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Tory handbags at dawn: sneering about clothes reveals the person beneath The ‘social sickie’ – a sure-fire way to avoid the Christmas party

The Sunday Times published an article claiming that students had been “told to use gender-neutral pronouns such as ‘ze’ rather than ‘he’ or ‘she’”. It was quickly reported almost verbatim by other outlets including the Huffington Post (since modified), Metro, the Independent and even Pink News.

It soon became clear that the story was at the very least an exaggeration. It had been written in vague terms, referring to “a students’ union leaflet” as the source of the claim, but the union quickly came out with a denial, saying that their advice had only ever been that people should identify their preferred pronoun when speaking at meetings. The Guardian reported on the OUSU statement and also published a comment piece by Jane Fae referring to the incident.

In recent weeks, talk of “fake news” has been the subject of much media discussion, and it’s worth considering our options when a false or misleading story starts doing the rounds.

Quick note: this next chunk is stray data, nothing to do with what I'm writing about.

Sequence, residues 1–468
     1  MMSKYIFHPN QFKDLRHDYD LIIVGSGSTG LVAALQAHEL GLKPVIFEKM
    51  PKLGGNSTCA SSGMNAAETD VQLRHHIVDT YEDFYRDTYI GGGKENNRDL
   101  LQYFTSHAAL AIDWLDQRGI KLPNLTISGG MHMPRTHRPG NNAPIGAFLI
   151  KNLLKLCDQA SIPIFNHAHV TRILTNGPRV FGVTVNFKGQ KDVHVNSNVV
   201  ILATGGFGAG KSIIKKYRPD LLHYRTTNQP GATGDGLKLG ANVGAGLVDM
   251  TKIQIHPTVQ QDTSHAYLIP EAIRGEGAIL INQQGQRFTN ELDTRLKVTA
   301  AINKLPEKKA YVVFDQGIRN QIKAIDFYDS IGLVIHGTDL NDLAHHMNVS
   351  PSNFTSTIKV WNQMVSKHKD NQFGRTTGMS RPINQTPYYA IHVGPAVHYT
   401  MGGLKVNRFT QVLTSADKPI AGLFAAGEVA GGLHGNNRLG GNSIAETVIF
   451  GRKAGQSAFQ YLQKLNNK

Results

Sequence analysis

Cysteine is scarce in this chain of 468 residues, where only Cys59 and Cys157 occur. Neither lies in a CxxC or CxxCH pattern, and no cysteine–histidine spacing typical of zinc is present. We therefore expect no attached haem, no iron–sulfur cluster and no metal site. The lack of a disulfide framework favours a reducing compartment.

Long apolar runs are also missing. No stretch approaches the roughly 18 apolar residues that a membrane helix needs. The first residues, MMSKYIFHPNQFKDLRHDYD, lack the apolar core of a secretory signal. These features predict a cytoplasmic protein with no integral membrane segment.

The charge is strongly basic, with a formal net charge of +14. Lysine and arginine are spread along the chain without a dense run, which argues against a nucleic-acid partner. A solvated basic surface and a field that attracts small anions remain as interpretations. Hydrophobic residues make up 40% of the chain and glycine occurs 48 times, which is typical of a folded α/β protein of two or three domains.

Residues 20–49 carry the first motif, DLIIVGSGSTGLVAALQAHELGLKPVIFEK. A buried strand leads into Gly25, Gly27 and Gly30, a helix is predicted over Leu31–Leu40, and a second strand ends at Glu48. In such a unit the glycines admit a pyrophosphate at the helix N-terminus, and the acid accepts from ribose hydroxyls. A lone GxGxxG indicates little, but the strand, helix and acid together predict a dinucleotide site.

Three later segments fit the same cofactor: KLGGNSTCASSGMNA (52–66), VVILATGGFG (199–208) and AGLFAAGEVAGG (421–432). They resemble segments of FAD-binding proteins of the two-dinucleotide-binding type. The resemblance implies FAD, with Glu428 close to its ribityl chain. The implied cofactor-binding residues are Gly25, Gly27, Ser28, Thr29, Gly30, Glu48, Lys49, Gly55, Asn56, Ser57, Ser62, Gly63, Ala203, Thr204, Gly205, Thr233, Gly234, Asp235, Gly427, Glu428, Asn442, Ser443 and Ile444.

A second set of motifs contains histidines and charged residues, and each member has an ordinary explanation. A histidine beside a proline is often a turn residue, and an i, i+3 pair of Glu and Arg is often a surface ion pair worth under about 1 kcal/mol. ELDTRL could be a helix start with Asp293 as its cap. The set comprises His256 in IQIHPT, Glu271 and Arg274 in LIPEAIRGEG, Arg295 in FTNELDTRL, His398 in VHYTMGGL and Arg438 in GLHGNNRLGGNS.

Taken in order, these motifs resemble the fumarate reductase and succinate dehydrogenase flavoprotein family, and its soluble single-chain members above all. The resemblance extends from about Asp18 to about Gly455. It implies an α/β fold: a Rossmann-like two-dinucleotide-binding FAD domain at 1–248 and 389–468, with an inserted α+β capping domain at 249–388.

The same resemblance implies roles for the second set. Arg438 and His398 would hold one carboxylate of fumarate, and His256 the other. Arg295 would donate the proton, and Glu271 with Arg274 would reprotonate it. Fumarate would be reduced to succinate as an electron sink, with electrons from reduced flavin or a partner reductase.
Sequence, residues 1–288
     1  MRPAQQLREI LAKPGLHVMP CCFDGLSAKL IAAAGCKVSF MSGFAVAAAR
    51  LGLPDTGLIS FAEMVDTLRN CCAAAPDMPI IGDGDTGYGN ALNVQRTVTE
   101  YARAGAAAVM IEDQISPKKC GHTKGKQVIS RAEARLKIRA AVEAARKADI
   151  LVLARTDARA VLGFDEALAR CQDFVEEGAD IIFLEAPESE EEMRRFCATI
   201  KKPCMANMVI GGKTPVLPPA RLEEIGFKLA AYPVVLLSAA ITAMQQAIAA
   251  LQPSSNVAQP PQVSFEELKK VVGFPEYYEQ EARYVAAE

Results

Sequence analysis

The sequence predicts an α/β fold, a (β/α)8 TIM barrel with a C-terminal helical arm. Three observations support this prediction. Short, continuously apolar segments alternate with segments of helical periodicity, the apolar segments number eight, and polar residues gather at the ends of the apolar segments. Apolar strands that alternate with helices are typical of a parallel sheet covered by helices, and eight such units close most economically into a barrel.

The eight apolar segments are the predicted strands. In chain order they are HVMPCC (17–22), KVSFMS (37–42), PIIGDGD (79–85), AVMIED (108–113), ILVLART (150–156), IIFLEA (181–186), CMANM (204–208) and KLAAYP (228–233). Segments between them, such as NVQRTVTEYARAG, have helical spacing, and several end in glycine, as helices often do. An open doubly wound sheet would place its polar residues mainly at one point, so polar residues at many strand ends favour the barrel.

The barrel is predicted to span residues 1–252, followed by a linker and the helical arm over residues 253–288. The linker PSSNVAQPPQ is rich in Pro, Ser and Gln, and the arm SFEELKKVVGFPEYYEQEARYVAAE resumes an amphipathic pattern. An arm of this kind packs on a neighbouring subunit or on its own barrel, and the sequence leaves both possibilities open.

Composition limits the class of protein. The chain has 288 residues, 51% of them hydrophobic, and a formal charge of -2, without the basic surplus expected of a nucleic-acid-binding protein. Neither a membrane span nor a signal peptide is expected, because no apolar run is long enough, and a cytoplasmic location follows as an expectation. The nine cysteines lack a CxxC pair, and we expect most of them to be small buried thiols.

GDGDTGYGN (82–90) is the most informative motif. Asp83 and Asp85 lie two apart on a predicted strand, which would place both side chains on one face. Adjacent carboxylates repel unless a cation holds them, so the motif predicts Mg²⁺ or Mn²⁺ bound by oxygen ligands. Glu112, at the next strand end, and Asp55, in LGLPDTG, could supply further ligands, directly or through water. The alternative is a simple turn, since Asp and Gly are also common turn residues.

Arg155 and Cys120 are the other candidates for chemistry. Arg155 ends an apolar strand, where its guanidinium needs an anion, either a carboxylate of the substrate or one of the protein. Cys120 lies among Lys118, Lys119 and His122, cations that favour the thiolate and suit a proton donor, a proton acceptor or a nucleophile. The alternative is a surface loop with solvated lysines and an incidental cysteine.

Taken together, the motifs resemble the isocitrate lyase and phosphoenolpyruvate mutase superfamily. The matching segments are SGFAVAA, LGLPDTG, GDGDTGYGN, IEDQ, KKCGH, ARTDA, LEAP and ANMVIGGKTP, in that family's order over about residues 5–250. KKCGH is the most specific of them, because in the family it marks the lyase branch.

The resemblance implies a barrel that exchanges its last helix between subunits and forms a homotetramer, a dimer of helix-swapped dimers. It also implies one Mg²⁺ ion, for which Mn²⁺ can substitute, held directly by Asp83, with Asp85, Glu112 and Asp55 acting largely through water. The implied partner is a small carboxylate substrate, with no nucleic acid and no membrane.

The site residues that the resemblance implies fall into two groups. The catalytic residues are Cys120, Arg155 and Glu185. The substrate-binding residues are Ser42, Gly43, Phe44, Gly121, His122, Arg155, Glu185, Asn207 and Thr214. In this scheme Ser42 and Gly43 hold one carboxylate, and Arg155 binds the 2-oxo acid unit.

Should we take the high road and ignore it completely? Perhaps, but if it’s become a talking point, we may have a responsibility to our readers to report on it.

Or should we publish a Snopes-style debunking? They can be very useful, but if we took that approach every time we were confronted with false or exaggerated claims that would quickly take up all our resources, as well as risking unhelpfully bringing attention to things (cf Pizzagate).

Another option is not to treat it as news and approach it through a comment piece or a Pass Notes, where it’s easier to explain the situation without giving it too much weight.

Even more tricky is how to deal with stories that are only revealed as false much later on – for example, the Intercept reporter who months later admitted he had fabricated messages or Rolling Stone’s notorious A Rape on Campus story. The Guardian has also recently had to retract articles after sources said they had not spoken to the reporter who quoted them.

From deliberately false stories to misleading exaggerations to honest mistakes, there’s no one-size-fits-all answer. I’d be interested to know how our readers feel about these stories and how they think the Guardian should treat “fake news” in its various forms.